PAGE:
• Tin Plating and Chromium: Plating Tin and chromium metals are resistant to corrosion. So, when a thin layer of tin metal is deposited on an iron object by electroplating, then iron and steel objects are protected from rusting.

The Wonder of Ancient Indian Metallurgy

The iron workers of India built the Iron Pillar near Qutub Minar in Delhi over 1 600 years ago. They had invented a method to keep iron from rusting. This is because they have a thin layer of magnetic oxide, Fe 304, on their surface. It has been studied by scientists from all over the world for its rust resistance. The Iron Pillar stands 8 metres tall and weighs 6 tonnes (6000kg).

NCERT Notes for Class 10 Science Chapter 3 Metals and Non-metals

Question 1. Give example of a metal which

(a) is a liquid at room temperature

(b) can be easily cut with a knife

(c) is the best conductor of heat

(d) is the poorest conductor of heat.


(a) Mercury

(b) Sodium

(c) Silver

(d) Lead.

Question 2. Explain the meaning of malleable and ductile.


Malleable: The ability of a material to be beaten into thin sheets is called its malleability. Metals can be bent or shaped.

Ductile. The ability of a material to be pulled into wires is called its “ductility.” Metals are ductile in nature.

Question 3. Why is sodium kept immersed in kerosene oil ? (CBSE 2011)

Answer: Both air and water can change sodium. It is a metal that reacts quickly. When left out in the open, it mixes easily with the oxygen in the air to make its oxide. In the same way, it forms sodium hydroxide when it comes into contact with water vapours or moisture.

Sodium metal is usually kept under kerosene so that neither air nor water can get to it.

Question 4. Write the equations for the reactions of

(a) iron with steam

(b) calcium with water

(c) potassium with water.


(a) 3Fe(s) + 4H2O (steam) ———–> Fe3O4(s) + 4H2(g)

(b) Ca(s) + 2H2O(aq) ———–> Ca(OH)2(s) +H2(g)

(c) 2K(s) + 2H2O(aq) ———–> 2KOH(aq) + H2(g)

Question 5. Samples of four metals A, B, C and D were taken and were added to the following solutions one by one. The results obtained have been tabulated as follows :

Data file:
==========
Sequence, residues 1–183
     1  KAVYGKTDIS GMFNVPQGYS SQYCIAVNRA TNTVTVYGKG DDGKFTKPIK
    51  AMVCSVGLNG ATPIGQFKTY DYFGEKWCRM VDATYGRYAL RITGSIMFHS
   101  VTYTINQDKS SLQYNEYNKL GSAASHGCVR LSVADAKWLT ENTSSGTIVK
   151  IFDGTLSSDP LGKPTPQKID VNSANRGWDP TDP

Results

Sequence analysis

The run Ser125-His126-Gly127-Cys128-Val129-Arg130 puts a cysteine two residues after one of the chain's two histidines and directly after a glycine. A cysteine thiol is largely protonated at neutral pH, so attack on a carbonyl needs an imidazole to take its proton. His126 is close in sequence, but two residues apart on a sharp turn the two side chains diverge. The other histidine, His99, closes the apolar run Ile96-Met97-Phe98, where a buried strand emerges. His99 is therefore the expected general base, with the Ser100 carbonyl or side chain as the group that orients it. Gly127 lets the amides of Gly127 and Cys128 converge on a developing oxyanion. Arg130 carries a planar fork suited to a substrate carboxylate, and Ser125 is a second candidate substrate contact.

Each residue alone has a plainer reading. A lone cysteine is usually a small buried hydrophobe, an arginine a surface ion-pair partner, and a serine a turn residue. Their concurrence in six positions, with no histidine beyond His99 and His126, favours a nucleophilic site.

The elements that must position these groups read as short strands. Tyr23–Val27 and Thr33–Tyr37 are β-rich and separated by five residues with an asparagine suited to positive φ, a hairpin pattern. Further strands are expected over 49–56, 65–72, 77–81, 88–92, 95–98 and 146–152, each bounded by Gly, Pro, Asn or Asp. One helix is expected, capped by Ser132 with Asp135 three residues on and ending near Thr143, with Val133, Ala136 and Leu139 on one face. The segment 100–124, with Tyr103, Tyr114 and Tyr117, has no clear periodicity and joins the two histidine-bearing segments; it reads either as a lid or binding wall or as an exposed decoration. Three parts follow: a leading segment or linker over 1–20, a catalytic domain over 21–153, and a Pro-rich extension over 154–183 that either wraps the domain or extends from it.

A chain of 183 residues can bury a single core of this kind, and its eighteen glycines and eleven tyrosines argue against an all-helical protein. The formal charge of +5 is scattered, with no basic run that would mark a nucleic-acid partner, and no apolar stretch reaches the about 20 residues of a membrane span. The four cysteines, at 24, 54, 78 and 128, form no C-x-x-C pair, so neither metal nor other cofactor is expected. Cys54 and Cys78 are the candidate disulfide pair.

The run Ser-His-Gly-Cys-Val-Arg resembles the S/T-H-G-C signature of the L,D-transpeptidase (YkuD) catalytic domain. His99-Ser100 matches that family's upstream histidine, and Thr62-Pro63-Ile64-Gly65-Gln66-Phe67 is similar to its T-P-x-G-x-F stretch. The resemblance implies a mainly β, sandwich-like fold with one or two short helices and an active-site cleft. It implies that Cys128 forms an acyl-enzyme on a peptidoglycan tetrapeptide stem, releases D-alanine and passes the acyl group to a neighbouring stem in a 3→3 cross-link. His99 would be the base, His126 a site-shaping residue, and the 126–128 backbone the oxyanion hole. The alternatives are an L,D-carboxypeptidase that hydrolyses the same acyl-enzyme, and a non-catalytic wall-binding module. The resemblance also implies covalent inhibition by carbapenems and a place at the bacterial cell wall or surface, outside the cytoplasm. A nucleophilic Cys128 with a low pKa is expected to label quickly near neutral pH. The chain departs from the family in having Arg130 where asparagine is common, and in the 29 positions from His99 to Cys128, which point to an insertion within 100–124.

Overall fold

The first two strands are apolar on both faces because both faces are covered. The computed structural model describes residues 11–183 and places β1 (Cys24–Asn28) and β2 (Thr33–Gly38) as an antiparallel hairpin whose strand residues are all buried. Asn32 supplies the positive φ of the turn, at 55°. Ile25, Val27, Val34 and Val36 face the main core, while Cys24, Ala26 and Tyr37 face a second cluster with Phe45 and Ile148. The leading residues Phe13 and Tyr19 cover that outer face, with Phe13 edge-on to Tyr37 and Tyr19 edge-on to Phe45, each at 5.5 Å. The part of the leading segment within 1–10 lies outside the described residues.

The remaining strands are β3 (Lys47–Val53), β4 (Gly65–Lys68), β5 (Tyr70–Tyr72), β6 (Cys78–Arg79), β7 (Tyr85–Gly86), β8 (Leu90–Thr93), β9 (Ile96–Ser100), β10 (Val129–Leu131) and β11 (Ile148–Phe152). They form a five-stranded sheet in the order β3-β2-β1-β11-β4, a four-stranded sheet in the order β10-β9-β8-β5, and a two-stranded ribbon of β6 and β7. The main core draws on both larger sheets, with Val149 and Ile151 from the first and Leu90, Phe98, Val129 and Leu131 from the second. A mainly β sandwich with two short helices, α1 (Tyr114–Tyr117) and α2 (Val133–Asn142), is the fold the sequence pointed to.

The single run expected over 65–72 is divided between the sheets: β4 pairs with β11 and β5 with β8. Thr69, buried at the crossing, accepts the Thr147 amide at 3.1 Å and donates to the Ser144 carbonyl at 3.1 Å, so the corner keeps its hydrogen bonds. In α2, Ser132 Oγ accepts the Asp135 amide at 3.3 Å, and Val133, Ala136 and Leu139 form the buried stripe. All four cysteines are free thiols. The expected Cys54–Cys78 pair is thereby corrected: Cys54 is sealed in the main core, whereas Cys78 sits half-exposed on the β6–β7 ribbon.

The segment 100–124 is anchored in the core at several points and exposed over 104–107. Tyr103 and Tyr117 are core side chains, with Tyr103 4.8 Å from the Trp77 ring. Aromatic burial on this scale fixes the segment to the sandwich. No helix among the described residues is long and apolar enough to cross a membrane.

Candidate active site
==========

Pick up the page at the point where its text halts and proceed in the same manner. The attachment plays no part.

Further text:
MetalSolution to which metal is added
Iron(II) sulphateCopper(II) sulphateZinc sulphateSilver nitrate
ANo reactionDisplacement
BDisplacementNo reaction „
CNo reactionNo reactionNo reactionDisplacement
DNo reactionNo reactionNo reactionNo reaction


Use the table given above to answer the following questions :

(a) Which is the most reactive metal ?

(b) What would you observe when B is added to solution of copper(II) sulphate ?

(c) Arrange the metals A, B, C and D in order of increasing reactivity. (CBSE 2011)


Based on the activity series, the relative position of the metals in solutions is : Zn > Fe > Cu > Ag. On the basis of the results given in the table .

  • Metal A is more reactive than copper and less reactive than iron.
  • Metal B is more reactive than iron and less reactive than zinc. –
  • Metal C is only more reactive than silver and less reactive than other metals.
  • Metal D is the least reactive in nature.

In the light of above information, we can conclude that

(a) Metal B is the most reactive.

(b) B is more reactive than iron and copper because iron is more reactive than B. This means that it would take the place of copper in a solution of copper(II) sulphate. Solution will slowly lose its blue colour.

(c) The decreasing order of reactivity of metals is: B>A>C>D.

Question 6. Which gas is produced when a reactive metal reacts with dilute hydrochloric acid ? Write the chemical reaction when iron reacts with dilute H2SO4. (CBSE 2010)

Answer: Hydrogen gas (H2) is produced when a reactive metal reacts with dilute hydrochloric acid. Iron and dilute H2SO4 react as follows :

Fe(s) + H2SO4(aq) ————> FeSO4(aq) + H2(g)

Hydrogen gas is evolved in this reaction also.

Question 7. What would you observe when zinc is added to a solution of iron (II) sulphate ? Write the chemical reaction that takes place. (CBSE 2010)

Answer: The solution’s green colour would slowly go away. Zinc would slowly break down, while iron would settle to the bottom of the beaker.

Question 8.

(i) Write electron-dot structures for sodium, magnesium and oxygen.

(ii) Show the formation of Na2O and MgO by the transfer of electrons.

(iii) What are the ions present in these compounds ?


  • Formation of sodium oxide (Na2O)
  • Formation of magnesium oxide (MgO)
  • For answer, consult structures given above.

Question 9.Why do ionic compounds have high melting points ? (CBSE 2014)

Answer: Ionic compounds are made up of positive ions (called cations) and negative ions (called anions). Ionic compounds are crystalline solids that are tightly packed. They have strong forces of attraction between their ions, and their melting and boiling points are high.

Question 10. Define the following terms

  • Minerals
  • Ores
  • Gangue.


Minerals: This is how metals and non-metals in the earth’s crust are mixed together.

Ores are the minerals that can be used to easily and profitably get metals out of them.

Gangue: It stands for the mud, sand, and clay that are mixed in with the ore and make it less pure.

Question 11.Name two metals which are formed in nature in free state.